ASEAN KEY DESTINATIONS
Protests force Thai govt to move venue
Thailand's government has moved the venue from the nest Asean summit from Bangkok to the northern city of Chiang Mai, agencies reported.
Anti-government protesters from the People's Alliance for Democracy have occupied the prime minister's offices in Bangkok since late August, and have rebuffed government pleas for them to leave to avoid embarrassment during the summit.
Government officials have insisted the change of venue is linked to the better climate, cooler climate in the north.
Thailand is currently chair of Asean, which comprises Brunei, Cambodia, Indonesia, Laos, Malaysia, Burma, the Philippines, Singapore, Thailand and Vietnam.
Talks will also be held with Chinese, Japanese and South Korean leaders during the December summit.
The agenda is expected to focus heavily on how Asia can deal with the global financial crisis and stave off a recession.
In a related report, local daily the Nation said the Asean business community has voiced concerns over the plan to move the venue, saying the change would prevent the annual Asean Business & Investment Summit (Asean-Bis) from providing maximum benefits to the region.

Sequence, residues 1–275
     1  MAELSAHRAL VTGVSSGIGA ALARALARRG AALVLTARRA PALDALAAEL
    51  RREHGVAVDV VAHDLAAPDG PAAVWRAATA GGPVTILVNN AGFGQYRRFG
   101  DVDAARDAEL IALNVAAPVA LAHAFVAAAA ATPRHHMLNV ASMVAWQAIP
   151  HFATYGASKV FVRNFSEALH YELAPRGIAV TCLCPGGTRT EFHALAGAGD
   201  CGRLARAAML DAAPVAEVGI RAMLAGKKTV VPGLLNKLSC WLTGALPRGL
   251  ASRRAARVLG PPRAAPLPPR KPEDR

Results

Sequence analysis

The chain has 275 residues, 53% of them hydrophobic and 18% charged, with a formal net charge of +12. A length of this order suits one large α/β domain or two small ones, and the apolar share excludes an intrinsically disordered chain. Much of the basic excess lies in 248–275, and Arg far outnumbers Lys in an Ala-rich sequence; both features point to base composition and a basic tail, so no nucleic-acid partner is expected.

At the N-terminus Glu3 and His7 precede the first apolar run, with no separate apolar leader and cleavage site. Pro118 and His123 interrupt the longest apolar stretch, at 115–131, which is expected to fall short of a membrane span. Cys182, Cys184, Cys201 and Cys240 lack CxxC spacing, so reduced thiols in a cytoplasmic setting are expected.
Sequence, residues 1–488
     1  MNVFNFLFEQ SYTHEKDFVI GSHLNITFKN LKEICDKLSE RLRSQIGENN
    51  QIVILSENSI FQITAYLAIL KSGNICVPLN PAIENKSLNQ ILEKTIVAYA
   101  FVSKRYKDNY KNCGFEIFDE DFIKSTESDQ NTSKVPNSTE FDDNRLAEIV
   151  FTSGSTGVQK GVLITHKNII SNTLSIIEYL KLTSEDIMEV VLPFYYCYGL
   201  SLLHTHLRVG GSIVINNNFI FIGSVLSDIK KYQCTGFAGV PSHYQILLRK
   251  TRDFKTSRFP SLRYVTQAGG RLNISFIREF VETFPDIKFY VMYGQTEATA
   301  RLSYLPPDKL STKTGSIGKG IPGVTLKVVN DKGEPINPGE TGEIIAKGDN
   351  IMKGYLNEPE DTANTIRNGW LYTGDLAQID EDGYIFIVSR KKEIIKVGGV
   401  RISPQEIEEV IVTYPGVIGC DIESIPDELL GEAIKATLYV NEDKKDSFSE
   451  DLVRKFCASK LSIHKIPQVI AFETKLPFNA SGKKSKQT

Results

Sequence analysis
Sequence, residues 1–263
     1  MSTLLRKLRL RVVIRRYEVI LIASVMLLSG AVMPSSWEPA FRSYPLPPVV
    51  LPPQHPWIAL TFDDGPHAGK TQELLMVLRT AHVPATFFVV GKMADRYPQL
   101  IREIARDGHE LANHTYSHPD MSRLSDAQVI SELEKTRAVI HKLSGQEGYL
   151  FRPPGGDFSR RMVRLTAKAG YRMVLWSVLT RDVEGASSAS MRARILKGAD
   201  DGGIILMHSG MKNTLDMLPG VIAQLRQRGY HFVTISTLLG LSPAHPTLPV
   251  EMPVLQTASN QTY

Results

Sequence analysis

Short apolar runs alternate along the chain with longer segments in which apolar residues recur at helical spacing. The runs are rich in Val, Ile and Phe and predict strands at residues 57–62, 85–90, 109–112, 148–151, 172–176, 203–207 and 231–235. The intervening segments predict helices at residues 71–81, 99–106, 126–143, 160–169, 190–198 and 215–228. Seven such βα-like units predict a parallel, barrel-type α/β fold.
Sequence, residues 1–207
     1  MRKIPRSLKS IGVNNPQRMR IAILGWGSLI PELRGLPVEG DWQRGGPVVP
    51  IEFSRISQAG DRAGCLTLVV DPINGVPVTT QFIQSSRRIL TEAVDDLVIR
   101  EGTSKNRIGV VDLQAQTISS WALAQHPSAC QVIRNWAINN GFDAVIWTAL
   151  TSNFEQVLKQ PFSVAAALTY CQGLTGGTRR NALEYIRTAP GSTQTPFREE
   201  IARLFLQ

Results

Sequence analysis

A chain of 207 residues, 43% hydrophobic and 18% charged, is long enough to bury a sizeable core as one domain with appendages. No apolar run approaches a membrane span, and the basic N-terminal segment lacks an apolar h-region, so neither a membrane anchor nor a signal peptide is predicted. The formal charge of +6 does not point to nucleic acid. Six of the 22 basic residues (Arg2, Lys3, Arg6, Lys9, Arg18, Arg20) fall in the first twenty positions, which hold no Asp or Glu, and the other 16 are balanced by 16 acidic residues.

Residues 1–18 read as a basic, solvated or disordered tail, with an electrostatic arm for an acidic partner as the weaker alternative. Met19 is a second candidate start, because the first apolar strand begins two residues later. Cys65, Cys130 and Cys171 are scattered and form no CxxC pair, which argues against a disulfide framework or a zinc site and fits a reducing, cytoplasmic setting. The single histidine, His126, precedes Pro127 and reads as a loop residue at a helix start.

"Changing the venue would disrupt the Asean-Bis, which has been prepared for about eight months. The event cannot be moved to Chiang Mai as it involves the relocation of 400-500 participants.
"And it's not working to have leaders at the event, only to see them leave for Chiang Mai the next day for the Summit," he said.
In another report, Reuters quoted an unnamed Bangkok-based diplomat as complaining that, "This is a massive pain in the backside," one Bangkok-based diplomat said. "None of this has been budgeted for and how are we going to get hotel rooms at this time of year? We're going to be sharing rooms and sleeping on the floor."
Bangkok-based diplomats are fuming at the abrupt switch for the summit, which coincides with the height of the tourist season, the report said.
Coming at such short notice, it is hard to see a city with a population of 200,000 finding enough beds to cope with the influx of thousands of government officials and foreign media.